We drift over Dillard’s department store at Westfield Shoppingtown Belden Village into a series of leafy residential neighborhoods, where adults and children alike are standing in yards and on sidewalks, shielding their eyes from the sun and gazing up at the soaring spectacle. By now my fear has dissipated, most likely because I’ve finally gotten used to the sensation of floating — it’s kind of like getting the air equivalent of sea legs — and we’ve lost enough altitude for me to see the kids’ smiling faces.
We continue our descent, and Myers begins to look for a good place to land. When I first talked to event competition director Maury Sullivan about arranging this flight, he cautioned me that I may have to walk a long way through muddy fields to the nearest road and “chase vehicle” that follows the balloon’s course on terra firma. The passenger release form warns of rough landings, advising riders to grab hold of the basket’s sides and bend their knees to absorb the shock.
Muscles don’t break; bones do, it advises. But we land gently in an affluent new subdivision just across the road from a golf-course fairway at Glenmoor Country Club. Crew members reach up to grab the basket and guide it to the ground, walking it a few feet from the street to a vacant lot. I look up and see a balloon shaped like a giant pink piggy bank, complete with a coin stuck in its back slot, pass over us.
I want to go up again.
Great Lakes Options
Sauce and Soul
If you missed our rib cook-off in May — or you just love music and food — Columbus is the place to be this month. The 27th annual Jazz and Rib Fest, July 21 through 23, will feature local and national jazz musicians along with barbecue booths from nine states. Butch Lupinetti, owner of Butch’s Blues and BBQ in Mount Laurel, N.J., will showcase the rib sauce that earned him second place at this year’s Tops Great American Rib Cook-off in Cleveland. The National Marine Manufacturers Association will host its national Discover Boating and Take Me Fishing Tour with exhibits featuring the best boats and underwater adventure. Jazz veterans Spyro Gyra will highlight the festivities with a Saturday evening jam session. And the best part? It’s free.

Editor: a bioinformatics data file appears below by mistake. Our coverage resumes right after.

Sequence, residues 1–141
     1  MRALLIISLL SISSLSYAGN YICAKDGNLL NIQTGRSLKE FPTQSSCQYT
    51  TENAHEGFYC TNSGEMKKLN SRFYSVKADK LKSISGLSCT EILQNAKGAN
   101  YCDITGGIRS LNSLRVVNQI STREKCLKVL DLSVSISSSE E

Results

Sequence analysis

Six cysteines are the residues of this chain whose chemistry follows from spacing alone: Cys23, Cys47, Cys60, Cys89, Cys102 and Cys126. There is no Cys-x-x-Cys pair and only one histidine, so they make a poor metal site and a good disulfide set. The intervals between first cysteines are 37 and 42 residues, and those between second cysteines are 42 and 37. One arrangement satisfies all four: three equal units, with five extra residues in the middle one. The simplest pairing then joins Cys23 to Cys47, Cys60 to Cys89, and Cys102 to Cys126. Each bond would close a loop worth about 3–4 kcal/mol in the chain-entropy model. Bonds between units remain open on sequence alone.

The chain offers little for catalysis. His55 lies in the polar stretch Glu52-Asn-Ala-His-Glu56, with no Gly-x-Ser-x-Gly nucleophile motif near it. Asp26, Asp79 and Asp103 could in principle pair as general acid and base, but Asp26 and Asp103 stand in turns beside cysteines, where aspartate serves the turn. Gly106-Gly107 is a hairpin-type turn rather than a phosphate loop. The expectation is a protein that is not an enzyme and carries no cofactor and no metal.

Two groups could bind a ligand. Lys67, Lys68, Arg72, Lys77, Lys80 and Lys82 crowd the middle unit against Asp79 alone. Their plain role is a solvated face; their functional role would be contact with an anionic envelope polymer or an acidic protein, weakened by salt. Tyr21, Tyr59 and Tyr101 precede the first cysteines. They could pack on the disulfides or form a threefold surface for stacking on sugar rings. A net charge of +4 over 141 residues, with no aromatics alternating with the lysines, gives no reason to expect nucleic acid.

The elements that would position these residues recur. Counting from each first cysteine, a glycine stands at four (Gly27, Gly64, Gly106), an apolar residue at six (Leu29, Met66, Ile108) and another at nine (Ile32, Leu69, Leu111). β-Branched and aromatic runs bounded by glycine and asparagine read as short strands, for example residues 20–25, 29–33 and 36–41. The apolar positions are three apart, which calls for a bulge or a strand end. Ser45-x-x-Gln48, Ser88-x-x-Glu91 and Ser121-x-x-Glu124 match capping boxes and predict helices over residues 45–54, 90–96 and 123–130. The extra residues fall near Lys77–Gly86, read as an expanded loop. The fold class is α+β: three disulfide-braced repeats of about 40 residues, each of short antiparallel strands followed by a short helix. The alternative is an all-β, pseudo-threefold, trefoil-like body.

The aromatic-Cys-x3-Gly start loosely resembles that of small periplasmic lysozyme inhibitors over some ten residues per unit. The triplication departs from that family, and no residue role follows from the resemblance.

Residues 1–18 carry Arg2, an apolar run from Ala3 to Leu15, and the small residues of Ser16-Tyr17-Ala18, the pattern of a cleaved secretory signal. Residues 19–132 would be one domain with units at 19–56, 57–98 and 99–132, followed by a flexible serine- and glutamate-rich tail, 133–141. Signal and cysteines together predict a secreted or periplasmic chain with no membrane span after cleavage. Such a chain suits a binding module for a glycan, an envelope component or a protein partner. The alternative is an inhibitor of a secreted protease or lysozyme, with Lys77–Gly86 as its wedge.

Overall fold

The Jazz and Rib Fest is held at the Columbus Riverfront. For more information, call (614) 645-7995 or visit www.musicintheair.org/jazzfest.htm.
— Marissa Beechuk
You say you love summer. Prove it!
Celebrate the season with a trip to Sandcastle Waterpark in Pittsburgh. With 14 waterslides, a lazy river, a wave pool and a kiddie area, there are boatloads of ways to spend the day. And if you need to dry off, head over to Sandcastle’s sister park, Kennywood, for a ride on the new dragster-type coaster, the SwingShot. For really big kids in search of a beach party, Sandcastle’s Sandbar provides a dose of nighttime entertainment in its outdoor nightclub. And, starting July 1, Sandcastle is keeping the wave pool open late on Saturday nights for a Saturday Night Swim for adults 21 and over.
The park is open daily, 11 a.m. to 6 or 7 p.m. through Aug. 27 and will reopen for Labor Day weekend. A day pass is $22.95, or you can purchase a combo day pass to Sandcastle and Kennywood for $28.95. For more information, call Sandcastle Waterpark at (412) 462-6666 or visit the park Web sites at www.sandcastlewaterpark.com or www.kennywood.com.
— Jenn Parson
12:00 AM EST
June 27, 2006